Autism Linked to Hundreds of Genetic Mutations

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[Source: Los Angeles Times]

Three new studies conclude that autism disorders are genetically very complex, not caused by one or two gene defects. The potential changes in DNA may produce what are essentially different forms of autism.

Autism is not caused by one or two gene defects but probably by hundreds of different mutations, many of which arise spontaneously, according to research that examined the genetic underpinnings of the disorder in more than 1,000 families.

The findings, reported in three studies published Wednesday in the journal Neuron, cast autism disorders as genetically very complex, involving many potential changes in DNA that may produce, essentially, different forms of autism.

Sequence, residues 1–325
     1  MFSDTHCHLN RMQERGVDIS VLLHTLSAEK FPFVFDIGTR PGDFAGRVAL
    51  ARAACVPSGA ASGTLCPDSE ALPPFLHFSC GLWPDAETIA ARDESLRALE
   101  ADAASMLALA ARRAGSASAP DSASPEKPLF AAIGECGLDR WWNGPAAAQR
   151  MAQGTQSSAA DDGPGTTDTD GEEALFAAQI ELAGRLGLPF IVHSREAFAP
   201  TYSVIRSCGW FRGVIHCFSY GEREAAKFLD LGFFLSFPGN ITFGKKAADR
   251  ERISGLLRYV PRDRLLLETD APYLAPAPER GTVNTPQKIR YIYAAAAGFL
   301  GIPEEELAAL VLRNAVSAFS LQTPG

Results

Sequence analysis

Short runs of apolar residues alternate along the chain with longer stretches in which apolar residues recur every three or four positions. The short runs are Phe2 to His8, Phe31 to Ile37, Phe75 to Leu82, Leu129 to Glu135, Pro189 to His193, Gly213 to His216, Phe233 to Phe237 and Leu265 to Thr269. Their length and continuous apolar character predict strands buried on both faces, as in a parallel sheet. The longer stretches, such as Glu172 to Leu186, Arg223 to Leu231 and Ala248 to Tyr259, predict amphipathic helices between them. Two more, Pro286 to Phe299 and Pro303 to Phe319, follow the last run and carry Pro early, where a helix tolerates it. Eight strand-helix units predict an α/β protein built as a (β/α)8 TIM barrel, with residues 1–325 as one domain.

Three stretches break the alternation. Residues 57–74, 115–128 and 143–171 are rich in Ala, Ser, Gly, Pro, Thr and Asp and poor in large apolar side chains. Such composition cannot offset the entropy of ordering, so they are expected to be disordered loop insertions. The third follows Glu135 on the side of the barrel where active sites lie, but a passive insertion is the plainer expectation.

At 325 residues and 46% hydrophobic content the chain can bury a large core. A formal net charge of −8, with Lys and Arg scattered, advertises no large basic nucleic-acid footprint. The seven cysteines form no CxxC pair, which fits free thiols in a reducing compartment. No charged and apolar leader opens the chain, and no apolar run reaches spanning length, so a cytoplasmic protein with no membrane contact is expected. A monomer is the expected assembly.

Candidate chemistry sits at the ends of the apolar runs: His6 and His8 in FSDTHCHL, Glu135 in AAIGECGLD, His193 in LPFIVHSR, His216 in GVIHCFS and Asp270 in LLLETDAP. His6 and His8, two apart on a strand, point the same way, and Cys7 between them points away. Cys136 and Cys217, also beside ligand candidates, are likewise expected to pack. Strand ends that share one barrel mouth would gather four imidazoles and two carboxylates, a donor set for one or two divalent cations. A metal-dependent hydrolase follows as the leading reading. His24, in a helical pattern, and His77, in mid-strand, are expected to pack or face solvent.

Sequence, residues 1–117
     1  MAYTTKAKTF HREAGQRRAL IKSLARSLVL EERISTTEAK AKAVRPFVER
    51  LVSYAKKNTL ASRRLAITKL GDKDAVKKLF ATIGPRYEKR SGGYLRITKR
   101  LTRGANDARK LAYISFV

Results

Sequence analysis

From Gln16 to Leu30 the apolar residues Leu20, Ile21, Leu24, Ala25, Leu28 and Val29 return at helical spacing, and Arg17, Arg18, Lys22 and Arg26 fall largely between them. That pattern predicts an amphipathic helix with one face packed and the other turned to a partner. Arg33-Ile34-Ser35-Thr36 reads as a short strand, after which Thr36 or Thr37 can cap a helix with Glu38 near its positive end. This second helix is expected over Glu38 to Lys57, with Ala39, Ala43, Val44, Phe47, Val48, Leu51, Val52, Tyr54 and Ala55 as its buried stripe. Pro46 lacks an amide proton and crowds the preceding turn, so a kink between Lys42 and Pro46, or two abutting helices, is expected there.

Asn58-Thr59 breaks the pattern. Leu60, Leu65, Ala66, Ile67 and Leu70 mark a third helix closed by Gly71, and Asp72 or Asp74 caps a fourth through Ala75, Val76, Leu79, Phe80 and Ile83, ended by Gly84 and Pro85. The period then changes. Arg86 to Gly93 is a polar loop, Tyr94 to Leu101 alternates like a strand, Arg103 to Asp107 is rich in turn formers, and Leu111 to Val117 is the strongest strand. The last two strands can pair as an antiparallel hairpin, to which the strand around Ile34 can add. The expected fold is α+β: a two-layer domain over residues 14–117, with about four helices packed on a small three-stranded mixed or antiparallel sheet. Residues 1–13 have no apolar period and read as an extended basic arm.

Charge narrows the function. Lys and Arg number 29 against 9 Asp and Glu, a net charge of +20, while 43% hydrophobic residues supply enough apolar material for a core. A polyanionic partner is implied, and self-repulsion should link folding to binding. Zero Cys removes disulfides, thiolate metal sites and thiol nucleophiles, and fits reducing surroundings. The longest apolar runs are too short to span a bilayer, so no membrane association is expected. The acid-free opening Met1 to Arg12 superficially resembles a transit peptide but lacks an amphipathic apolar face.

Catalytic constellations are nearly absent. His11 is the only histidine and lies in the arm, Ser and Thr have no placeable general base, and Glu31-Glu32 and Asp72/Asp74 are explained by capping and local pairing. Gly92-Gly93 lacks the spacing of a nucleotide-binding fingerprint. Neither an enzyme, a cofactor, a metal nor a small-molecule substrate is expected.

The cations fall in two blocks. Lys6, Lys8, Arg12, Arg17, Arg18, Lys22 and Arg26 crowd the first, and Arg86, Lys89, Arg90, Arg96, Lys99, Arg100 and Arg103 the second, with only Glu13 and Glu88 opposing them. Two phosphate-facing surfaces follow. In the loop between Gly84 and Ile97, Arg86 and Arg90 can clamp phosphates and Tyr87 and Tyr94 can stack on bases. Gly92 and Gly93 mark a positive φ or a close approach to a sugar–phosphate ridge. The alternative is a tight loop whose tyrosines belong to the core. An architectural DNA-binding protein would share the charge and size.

The affected genes, however, appear to be part of a large network involved in controlling the development of synapses, the critical junctions between nerve cells that allow them to communicate, according to one of the three studies.

Although the work will have no immediate value to patients or their families, the insights provide a wealth of targets to pursue in developing treatments for the disorder, scientists said. Understanding the genetic causes of autism spectrum disorders may promote more accurate diagnoses, and research on synapse formation and function could yield treatments that address the flow of signals between nerve cells.

“For the first time we’re getting a sense of how many areas of the genome are likely to contribute to autism,” said Dr. Matthew W. State, associate professor of psychiatry and of genetics at Yale University and the lead investigator of one of the reports. “We know there are multiple, different ways to get autism.”

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